Laura Shaw, Principal, Washburn Elementary School, commented on one of the early activities where they worked to “unpack” the indicators: “I think, one of the things that initially helped me and my leadership team was we [the TLN] did some work around unpacking indicators as a group. What that meant to all of us was coming up with a common understanding of what the indicator meant and then we went beyond that: what was everyone doing to support that indicator, and what was the work around that.”
The principals give a great deal of credit for the success of the TLN to the way the staff has structured these meetings. According to Paul Theriault, Principal, Shead High School and Eastport Elementary School,“The structure is so good that everyone is open and sharing. It builds on each other and everyone says, ‘What a great idea! Can we share this?’ And people share back and forth. We email each other if we have questions. Everybody has got some strengths…. That is the nature of it, but we all feel that there is safety in our conversation.”
The structure Theriault is referring to includes activities that require collaboration, involving work in small groups, and includes the following components:
- School coaches lead a celebration of positive accomplishments.
- A representative from the Maine DOE will do a brief presentation on some state initiative or requirement that is specifically connected to a required Indistar indicator. Small-group processing of the information follows this presentation.
- A principal or several principals will then conduct a presentation on their successful practice(s).
- This leads to the entire TLN—including principals, coaches, and state staff—working together.
- One of the coaches leads a protocol-driven review of one required indicator for which all principals have brought documentation of their progress.
- Time is reserved for networking, when principals “connect with fellow principals to exchange ideas, discuss challenges, brainstorm possibilities and build capacity.”
The TLN represents a broad range of elementary, middle, and high schools from large to small, rural, and, in some cases, very remote schools. Each brings a different perspective to their work. These principals see a value in the diversity of perspectives, as each participant brings a “fresh set of eyes” through which to consider the ideas being presented. This diversity encourages “thinking outside the box.”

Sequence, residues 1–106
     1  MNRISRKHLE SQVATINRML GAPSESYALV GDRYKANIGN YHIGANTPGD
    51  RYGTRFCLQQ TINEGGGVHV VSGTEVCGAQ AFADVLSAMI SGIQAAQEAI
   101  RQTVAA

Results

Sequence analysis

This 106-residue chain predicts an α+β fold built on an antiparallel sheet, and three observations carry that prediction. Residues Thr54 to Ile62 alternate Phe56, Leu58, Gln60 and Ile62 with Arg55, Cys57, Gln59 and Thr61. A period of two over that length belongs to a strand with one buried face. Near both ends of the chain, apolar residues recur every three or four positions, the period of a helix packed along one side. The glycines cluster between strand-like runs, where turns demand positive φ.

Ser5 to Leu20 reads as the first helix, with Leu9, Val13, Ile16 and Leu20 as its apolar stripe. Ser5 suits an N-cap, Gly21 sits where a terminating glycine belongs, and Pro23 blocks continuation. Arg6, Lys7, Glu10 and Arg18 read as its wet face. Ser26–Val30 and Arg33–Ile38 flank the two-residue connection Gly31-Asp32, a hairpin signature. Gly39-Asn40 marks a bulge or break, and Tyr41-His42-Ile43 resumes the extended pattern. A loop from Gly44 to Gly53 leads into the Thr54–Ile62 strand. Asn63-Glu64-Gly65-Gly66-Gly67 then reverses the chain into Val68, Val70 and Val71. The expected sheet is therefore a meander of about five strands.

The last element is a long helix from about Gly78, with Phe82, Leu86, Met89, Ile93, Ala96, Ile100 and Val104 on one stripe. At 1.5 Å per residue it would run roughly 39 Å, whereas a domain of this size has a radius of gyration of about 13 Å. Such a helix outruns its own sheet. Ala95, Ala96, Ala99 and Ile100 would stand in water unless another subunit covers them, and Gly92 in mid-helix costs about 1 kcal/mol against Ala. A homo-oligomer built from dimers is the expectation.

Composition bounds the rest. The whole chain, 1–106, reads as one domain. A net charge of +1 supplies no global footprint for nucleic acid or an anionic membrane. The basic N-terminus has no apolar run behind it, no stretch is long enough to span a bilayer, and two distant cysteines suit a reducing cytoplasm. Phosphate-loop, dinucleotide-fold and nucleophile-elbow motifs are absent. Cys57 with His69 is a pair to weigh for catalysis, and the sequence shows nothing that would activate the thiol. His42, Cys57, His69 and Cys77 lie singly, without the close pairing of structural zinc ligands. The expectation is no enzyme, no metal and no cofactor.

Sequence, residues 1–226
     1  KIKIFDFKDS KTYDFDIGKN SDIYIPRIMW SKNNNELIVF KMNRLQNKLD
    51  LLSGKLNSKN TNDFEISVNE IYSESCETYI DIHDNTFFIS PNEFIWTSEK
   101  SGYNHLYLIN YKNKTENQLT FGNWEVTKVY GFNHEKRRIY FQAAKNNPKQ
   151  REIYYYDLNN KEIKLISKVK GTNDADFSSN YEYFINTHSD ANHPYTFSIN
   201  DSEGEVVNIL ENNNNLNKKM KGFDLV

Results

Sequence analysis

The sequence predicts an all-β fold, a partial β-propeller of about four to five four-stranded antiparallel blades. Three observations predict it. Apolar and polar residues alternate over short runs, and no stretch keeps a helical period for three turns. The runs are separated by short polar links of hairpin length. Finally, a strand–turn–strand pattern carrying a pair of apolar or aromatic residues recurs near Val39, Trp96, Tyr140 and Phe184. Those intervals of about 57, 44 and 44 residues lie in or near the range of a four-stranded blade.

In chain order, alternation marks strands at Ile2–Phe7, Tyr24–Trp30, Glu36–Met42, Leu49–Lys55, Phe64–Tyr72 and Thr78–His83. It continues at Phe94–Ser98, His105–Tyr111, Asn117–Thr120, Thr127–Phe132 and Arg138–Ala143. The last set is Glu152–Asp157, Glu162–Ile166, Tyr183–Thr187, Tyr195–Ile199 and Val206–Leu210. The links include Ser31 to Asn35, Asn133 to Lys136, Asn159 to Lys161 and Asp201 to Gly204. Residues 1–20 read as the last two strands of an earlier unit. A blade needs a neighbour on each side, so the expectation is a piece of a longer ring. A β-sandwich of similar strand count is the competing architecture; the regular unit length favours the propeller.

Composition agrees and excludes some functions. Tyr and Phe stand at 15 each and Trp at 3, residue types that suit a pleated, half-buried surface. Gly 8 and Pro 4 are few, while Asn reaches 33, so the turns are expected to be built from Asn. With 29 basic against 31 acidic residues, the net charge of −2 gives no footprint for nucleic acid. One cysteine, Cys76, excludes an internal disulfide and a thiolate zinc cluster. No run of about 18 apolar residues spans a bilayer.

Continued Improvements – School Presentations
The staff determined that, while the TLNs had been well received and principals found them highly beneficial, an additional approach was in order. They planned for each principal to make a presentation about their school’s progress and challenges. The other principals would then have an opportunity to provide feedback and suggestions and for the presenter to respond to their feedback. As Stephen McDougall stated, “They [the presentations] were more an opportunity for the principals to take a very deliberate step back for themselves and their leadership teams and say where they have come from, where they have gone, what their successes are, and what their challenges are as a way for them to really plot out the next steps with the intention that, when they went through that process, they then could use it to further inform the school board, superintendent, general public, and faculties in turn.”
Knowing that principals have a great deal of work to do in their buildings, it was not surprising that this assignment was initially received with less than full-throated support. Yet, when the presentations began in the fall of 2015, attitudes changed dramatically. Many found the process of reflecting on their successes and challenges and developing their presentations eye opening and worthwhile:
“We realized how much we had done. I mean, you are in it. You don’t look outside and look at the whole thing and (think), ‘Wow! We have done so much work!’” – Laura Shaw, Principal, Washburn Elementary School